Suddenly, in early 2019, the Fed reversed course, lowered interest rates three times (July, September and October) and ended its money supply contraction.
The result was that a yield-curve inversion (short-term rates higher than longer-term rates) that emerged in early 2019 suddenly normalised. Short-term rates fell below longer-term rates. That is extremely positive for bank earnings and bullish for bank stock prices.
Now the Fed may be ready to flip-flop again. In their October 2019 meeting, the Fed’s FOMC indicated that rate cuts are on hold. This means that short-term rates may stop falling, but longer-term rates will continue to fall for other reasons including a slowing economy. The yield curve may invert again. This is a negative for bank earnings and a bearish signal for bank stocks including HSBC.
Will history repeat itself with a mortgage meltdown at HSBC leading the way to global financial contagion?
Right now, my models are telling us that the stock price of HSBC is poised to fall sharply.
This is due to the anticipated mortgage losses (described above), but also to an inefficient management structure, repeated failures to reform that structure and management turmoil as a new interim CEO, Noel Quinn, attempts to repair past blunders without the job security or support that comes with being a permanent CEO.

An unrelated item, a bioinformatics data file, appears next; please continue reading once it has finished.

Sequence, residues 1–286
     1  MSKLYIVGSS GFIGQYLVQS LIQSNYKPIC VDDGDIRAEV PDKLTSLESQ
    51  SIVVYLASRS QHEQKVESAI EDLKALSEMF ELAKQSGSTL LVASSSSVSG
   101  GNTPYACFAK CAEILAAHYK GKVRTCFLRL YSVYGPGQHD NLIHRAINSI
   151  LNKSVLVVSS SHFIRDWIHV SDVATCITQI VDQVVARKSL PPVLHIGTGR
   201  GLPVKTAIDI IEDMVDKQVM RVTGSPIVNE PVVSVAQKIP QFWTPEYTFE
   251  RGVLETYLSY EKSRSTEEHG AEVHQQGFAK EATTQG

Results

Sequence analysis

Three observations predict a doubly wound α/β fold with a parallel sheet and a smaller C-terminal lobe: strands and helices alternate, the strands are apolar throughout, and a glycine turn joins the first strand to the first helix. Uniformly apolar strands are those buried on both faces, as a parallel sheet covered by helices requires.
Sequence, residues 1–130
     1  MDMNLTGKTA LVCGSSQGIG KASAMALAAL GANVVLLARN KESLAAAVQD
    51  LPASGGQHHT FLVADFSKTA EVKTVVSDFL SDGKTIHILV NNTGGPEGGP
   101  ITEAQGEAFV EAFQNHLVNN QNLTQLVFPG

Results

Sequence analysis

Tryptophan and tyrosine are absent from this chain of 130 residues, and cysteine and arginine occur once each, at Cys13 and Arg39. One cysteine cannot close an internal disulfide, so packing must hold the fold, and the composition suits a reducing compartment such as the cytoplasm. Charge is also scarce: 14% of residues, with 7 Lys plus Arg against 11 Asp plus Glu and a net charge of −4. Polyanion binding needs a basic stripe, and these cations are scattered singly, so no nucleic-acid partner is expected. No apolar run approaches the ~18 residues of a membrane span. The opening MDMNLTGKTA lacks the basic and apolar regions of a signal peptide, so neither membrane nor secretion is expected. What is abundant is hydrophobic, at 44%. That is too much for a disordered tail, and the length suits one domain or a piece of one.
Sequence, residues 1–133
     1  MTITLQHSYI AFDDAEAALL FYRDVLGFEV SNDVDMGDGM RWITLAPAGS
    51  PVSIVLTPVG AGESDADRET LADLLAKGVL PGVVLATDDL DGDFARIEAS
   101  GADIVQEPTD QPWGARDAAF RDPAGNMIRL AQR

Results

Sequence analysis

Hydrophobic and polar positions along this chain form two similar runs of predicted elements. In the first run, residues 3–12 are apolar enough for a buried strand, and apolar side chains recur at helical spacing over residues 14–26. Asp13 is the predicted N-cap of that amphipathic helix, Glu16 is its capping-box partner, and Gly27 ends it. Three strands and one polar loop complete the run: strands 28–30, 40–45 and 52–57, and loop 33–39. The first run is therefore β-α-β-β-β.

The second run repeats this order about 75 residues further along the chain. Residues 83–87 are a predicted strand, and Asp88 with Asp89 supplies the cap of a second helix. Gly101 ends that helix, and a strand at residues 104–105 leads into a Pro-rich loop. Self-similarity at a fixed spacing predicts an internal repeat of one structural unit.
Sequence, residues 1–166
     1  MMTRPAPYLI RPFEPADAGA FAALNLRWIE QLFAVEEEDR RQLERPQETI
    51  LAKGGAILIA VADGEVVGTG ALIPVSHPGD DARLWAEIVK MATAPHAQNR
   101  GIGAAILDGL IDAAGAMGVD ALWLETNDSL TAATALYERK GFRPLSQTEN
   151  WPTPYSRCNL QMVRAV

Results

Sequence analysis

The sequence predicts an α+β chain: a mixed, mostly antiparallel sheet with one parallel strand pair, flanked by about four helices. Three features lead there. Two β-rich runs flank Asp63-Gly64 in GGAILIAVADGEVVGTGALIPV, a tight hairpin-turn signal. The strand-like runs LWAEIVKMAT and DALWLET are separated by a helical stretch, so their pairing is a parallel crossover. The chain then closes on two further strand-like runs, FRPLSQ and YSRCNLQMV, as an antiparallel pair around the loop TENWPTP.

When Noel Quinn accepted the job of interim chief executive of HSBC in August, he had one condition. He told Chairman Mark Tucker he did not want to be a caretaker manager who would keep the bank chugging along until a permanent successor was appointed, according to people briefed on the negotiations.
Instead, Mr. Quinn, a 32-year veteran of HSBC, has embarked on a major restructuring of Europe’s largest bank. He wants to rid the lender of its infamous bureaucracy while reducing the amount of capital tied up in the U.S. and Europe, where it makes subpar returns. To do so, he will have to slash thousands of jobs.
Investors are understandably skeptical. This is the third time the bank has attempted a big overhaul in a decade, following similar efforts in 2011 and 2015. But returns still lag behind global peers such as JPMorgan despite HSBC’s unparalleled exposure to high-growth markets in Asia, which accounts for about four-fifths of profits.
The stock has declined 11% in a year when stock markets were rallying robustly. Most of the drawdown occurred in August and was a direct response to the worsening political situation in Hong Kong.
While this drawdown is notable, it mostly reflects political anxiety and is not reflective of the mortgage losses that are just beginning to enter the picture. Once the reserves for mortgage losses are expanded to meet the rising level of nonperformance, look out below.
So I repeat the question: Is HSBC about to lead the world into another mortgage meltdown?
We might have an answer sometime next year.